ACLU of Illinois et al. v. U.S. Department of Homeland Security and U.S. Customs and Border Protection
Case Dates:Wednesday, 12 April, 2017 - ongoing
On February 2, 2017, we filed a Freedom of Information Act (FOIA) request with the U.S. Customs and Border Protection (CBP) Chicago field office. We and nine other ACLU affiliates (the “Midwest Affiliates” – Illinois, Indiana, Iowa, Kentucky, Minnesota, Missouri, Nebraska, South Dakota, Wisconsin) requested information as to how CBP interpreted and executed Donald Trump’s first Muslim Ban executive order at airports and ports of entry located in the Midwestern states. Twelve groups of other ACLU affiliates simultaneously sought similar records from the other CBP regional offices across the country. We requested, and set forth the grounds for, expedited processing of the FOIA request. At the time of filing, we anticipated that the government would probably not respond fully to the request, and that enforcement litigation would be necessary. Subsequently, as predicted, the government failed to respond to any of the requests, even though more than 45 business days had elapsed since they received our request.
CBP violated FOIA’s requirements that agencies provide public records within the statutory time period. Under FOIA, U.S. agencies must produce a determination as to expedited processing within 10 business days; provide a determination as to whether they will comply with a request within 20 business days; and ultimately provide records unless there is a legal basis for refusing to do so. CBP failed to respond in any way.
On April 12, 2017, we filed our Complaint in the U.S. District Court for the Northern District of Illinois. We asked the court to require CBP and the Department of Homeland Security (DHS, CBP’s parent agency) to respond to the Midwest Affiliates’ FOIA request for records relating to the implementation of the Muslim Ban, and to require disclosure of the records. The filing of this action was coordinated with 12 other FOIA lawsuits filed by the other groups of ACLU affiliates across the country. The ACLU of Ohio is both a plaintiff and co-counsel in this lawsuit.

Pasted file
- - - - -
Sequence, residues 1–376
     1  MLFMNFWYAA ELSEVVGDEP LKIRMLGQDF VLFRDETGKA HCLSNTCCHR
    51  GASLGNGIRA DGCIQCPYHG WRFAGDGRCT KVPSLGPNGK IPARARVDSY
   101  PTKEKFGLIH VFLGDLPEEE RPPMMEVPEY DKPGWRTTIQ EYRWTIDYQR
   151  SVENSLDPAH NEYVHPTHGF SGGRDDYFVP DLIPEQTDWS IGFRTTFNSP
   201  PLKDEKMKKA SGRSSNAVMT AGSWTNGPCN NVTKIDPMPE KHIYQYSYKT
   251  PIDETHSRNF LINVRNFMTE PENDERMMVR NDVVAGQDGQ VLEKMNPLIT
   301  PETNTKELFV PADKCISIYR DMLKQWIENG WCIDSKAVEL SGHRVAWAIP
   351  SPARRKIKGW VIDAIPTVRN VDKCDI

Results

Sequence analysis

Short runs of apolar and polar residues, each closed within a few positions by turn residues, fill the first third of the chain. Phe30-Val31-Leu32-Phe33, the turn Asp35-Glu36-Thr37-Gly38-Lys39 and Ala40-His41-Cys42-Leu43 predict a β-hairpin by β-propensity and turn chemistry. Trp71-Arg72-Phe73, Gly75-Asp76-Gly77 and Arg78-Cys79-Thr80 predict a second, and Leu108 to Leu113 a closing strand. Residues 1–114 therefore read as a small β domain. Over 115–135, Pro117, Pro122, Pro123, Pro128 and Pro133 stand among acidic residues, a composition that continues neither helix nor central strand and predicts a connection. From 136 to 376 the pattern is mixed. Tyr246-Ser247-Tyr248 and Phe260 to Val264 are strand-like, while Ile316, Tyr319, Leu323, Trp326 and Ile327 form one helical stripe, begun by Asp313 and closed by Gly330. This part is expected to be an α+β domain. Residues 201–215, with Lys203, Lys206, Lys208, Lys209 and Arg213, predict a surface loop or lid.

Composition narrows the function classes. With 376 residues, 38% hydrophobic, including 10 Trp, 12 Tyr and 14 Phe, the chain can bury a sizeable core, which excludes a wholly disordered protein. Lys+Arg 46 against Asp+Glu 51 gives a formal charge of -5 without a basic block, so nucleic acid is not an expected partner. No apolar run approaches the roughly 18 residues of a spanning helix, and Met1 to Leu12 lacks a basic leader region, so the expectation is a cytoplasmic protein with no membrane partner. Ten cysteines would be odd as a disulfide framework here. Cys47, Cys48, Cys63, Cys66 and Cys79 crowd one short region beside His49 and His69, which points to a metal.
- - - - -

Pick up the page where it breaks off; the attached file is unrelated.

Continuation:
On May 8, 2017, Defendants filed a motion with the Judicial Panel on Multidistrict Litigation, asking the panel to consolidate and hear the 13 lawsuits. The Judicial Panel denied the transfer on August 2.
Parties conferred with the Court on discovery and briefing schedules, and agreed upon search terms to be used to identify responsive documents, as well as a limit to the scope of the Defendants’ initial review. On October 11, Defendants filed a memorandum of law on the Justice Department’s authority to aggregate all of the various lawsuits’ FOIA requests. We responded that aggregation was inappropriate.
After a hearing and briefings, the Court granted our motion to set production schedule and ordered that on the 15th day of every month, the defendants must file a brief status report with the court regarding information from the previous month as to: the number of employees who worked on the FOIA production request, the number of hours that government lawyers worked on the project, and the number of pages of the four “priority” records custodians that were processed. The court ordered the defendants to process 950 pages per month, and set the first of such status reports for January 16, 2018. The next status hearing in the case was set for June 20, 2018.
On January 16, 2018, Defendants filed their January status report, documenting the first month’s processing and production of documents as required by the Court’s order, and filed monthly reports through June.
Defendants claim to have produced all responsive, non-exempt records that they had identified from the relevant custodians in the CBP Chicago Field Office, and the affiliate groups continue to review the records to assess whether Defendants have fulfilled our request. The parties continue to meet and confer about ways to resolve or narrow the disputes in the case and all three status reports so far ordered by the Court have been submitted timely.
As a result of the partial government shutdown at the beginning of 2019, all dates and deadlines were extended by 42 days.